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Portrait of a Dynasty

The Hiltons are a picture of success, excess and every tabloid headline in between. For the first time, a new book reveals a glimpse behind gilded doors into a complex, eccentric family history

The latest work by biographer J. Randy Taraborrelli, The Hiltons: The True Story of an American Dynasty, recounts a history of scandals and troubled affairs that rocked the iconic American family and its patriarch, hotel magnate Conrad Hilton. The book is out this month; below, read an excerpt from its pages:


It was Monday  morning, June 11, 1979. “Conrad Hilton is rolling over in his grave right now,” Zsa Zsa Gabor was saying to the attorney Myron Harpole. The two were on the telephone, discussing the details of a sworn deposition Zsa Zsa was to give later that week about her relationship with her late husband, the international business pioneer and hotel magnate. “Oh, how he would love to be able to control what I say about him,” she observed wryly. “I don’t  know if that’s true,” Myron said carefully. He had been Conrad’s attorney for more than thirty years, and even now, six months after his client’s death, was still protective of him. “Oh, Myron,” she said, laughing. “You know that if Conrad could be there, sitting right behind  me and whispering in my ear, he’d love it.”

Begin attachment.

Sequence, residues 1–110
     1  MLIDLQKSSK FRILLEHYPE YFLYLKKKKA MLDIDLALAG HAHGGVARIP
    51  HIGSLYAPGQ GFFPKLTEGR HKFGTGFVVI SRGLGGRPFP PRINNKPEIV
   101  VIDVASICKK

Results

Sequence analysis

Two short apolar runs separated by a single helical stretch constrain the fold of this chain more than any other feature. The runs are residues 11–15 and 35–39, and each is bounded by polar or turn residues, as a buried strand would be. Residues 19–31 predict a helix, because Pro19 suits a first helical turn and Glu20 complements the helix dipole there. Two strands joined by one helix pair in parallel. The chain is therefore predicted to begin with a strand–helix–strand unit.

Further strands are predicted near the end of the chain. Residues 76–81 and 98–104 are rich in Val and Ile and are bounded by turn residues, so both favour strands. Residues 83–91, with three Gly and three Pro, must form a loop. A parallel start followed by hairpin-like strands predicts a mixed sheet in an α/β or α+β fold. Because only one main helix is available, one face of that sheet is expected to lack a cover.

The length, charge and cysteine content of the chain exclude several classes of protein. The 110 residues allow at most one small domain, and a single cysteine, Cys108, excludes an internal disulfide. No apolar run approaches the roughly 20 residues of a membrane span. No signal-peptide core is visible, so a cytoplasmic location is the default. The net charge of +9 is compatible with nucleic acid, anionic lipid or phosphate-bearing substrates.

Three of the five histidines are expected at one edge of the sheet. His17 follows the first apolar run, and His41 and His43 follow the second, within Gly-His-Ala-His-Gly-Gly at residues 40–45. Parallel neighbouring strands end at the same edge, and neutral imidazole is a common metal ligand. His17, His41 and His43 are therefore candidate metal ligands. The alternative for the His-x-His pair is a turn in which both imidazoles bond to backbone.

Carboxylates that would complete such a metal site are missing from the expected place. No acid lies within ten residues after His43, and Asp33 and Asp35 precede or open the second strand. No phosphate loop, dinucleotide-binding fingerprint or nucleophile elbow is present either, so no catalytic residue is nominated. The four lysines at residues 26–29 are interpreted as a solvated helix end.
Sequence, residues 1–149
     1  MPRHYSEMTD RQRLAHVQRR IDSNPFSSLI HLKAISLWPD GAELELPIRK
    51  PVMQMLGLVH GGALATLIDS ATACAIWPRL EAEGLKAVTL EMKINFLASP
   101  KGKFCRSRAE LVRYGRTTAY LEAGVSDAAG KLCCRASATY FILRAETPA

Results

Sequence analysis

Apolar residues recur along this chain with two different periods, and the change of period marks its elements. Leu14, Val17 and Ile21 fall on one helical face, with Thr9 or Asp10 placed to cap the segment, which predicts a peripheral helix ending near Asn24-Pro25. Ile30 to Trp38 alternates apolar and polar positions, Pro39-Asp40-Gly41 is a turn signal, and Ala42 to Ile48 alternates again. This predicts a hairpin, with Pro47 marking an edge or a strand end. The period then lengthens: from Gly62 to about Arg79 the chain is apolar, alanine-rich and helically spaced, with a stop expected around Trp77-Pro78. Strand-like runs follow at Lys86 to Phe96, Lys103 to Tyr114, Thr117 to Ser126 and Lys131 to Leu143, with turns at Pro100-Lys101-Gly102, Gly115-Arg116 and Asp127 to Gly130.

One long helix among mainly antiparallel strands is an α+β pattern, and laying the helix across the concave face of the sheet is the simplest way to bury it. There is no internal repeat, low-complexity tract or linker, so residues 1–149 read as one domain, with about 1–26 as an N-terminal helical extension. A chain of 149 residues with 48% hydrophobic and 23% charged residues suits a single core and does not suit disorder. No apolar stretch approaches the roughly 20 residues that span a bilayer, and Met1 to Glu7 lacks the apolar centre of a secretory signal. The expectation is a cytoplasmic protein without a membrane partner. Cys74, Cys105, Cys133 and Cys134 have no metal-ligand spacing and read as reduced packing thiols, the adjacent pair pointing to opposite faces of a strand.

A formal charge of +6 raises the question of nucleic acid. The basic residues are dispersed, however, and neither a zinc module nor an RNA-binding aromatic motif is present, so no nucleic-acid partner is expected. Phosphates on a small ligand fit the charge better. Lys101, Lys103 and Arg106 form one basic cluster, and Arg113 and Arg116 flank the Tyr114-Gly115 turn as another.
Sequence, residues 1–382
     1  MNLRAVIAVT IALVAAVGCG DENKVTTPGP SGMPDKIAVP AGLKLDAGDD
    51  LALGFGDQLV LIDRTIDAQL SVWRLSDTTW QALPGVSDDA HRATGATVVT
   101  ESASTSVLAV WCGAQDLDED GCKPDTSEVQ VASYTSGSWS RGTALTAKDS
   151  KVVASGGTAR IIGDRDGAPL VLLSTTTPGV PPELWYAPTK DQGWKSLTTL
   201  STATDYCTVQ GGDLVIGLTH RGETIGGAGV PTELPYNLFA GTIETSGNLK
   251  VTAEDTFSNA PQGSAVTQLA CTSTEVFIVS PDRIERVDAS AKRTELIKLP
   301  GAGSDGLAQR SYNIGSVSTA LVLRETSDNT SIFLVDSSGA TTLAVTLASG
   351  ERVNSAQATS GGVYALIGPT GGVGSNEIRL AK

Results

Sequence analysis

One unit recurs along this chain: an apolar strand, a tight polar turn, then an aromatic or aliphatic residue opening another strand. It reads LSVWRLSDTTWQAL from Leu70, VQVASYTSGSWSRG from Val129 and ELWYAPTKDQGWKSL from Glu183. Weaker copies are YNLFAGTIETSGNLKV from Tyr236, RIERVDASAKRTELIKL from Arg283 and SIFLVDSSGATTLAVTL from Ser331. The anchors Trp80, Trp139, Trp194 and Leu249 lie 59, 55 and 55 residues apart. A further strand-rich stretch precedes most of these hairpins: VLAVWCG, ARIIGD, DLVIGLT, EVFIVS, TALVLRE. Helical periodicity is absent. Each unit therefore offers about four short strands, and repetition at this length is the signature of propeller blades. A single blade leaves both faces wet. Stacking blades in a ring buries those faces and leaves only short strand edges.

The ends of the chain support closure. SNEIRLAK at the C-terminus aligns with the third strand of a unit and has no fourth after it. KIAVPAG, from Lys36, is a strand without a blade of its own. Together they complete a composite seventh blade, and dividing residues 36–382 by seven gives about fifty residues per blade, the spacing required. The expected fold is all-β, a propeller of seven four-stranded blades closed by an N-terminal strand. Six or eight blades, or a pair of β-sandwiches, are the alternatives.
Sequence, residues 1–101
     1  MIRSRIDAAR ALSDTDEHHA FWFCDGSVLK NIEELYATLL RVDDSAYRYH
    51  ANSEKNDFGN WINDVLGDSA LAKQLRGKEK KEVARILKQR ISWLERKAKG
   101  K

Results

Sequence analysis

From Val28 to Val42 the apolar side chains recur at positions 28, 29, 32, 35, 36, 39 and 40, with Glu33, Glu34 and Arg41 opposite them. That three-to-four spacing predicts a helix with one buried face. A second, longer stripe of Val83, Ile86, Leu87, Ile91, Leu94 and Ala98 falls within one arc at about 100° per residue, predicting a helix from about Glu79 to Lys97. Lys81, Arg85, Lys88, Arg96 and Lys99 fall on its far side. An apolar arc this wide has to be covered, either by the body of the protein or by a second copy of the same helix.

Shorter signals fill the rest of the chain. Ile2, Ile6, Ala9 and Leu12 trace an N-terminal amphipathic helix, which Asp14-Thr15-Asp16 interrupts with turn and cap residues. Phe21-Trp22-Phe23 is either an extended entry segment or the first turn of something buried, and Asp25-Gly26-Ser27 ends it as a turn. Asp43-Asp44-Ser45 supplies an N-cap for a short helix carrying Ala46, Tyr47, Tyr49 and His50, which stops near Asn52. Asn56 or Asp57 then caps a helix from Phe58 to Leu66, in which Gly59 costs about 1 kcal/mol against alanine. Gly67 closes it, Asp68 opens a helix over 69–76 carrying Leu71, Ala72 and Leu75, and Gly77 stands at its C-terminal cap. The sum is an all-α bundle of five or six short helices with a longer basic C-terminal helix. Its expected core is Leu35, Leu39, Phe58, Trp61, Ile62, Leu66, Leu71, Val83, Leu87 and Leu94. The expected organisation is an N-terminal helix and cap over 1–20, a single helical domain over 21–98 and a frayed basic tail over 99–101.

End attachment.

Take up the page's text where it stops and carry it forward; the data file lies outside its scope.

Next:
It was true that throughout his lifetime Conrad Hilton had been a man used to being  in complete control—of himself and, some might argue, everyone around him. As one of the most successful businessmen in the world, he had made hundreds of millions of dollars, with hotels around the world bearing his name. He certainly didn’t carve out such a niche by allowing others to impose their will upon him. Generally speaking, though, he was well liked and had a stellar reputation among his colleagues. He was a good man, known as much for his philanthropy as for his hotel empire. Privately, though, he did have his eccentricities, not the least of which was his stringent attitude about his wealth and the manner in which it should be distributed to immediate family members.

It had long been Conrad’s belief that merely being related to him should not guarantee his heirs a carefree, privileged life. He had made his money in what he called “the good, old‑fashioned way,” meaning he had earned it. A product of the Great Depression, he wanted his relatives to inherit his work ethic,  not his money. A loan might be given from time to time to one of his four children, but failure to pay it back would result in a breach of trust not easily remedied.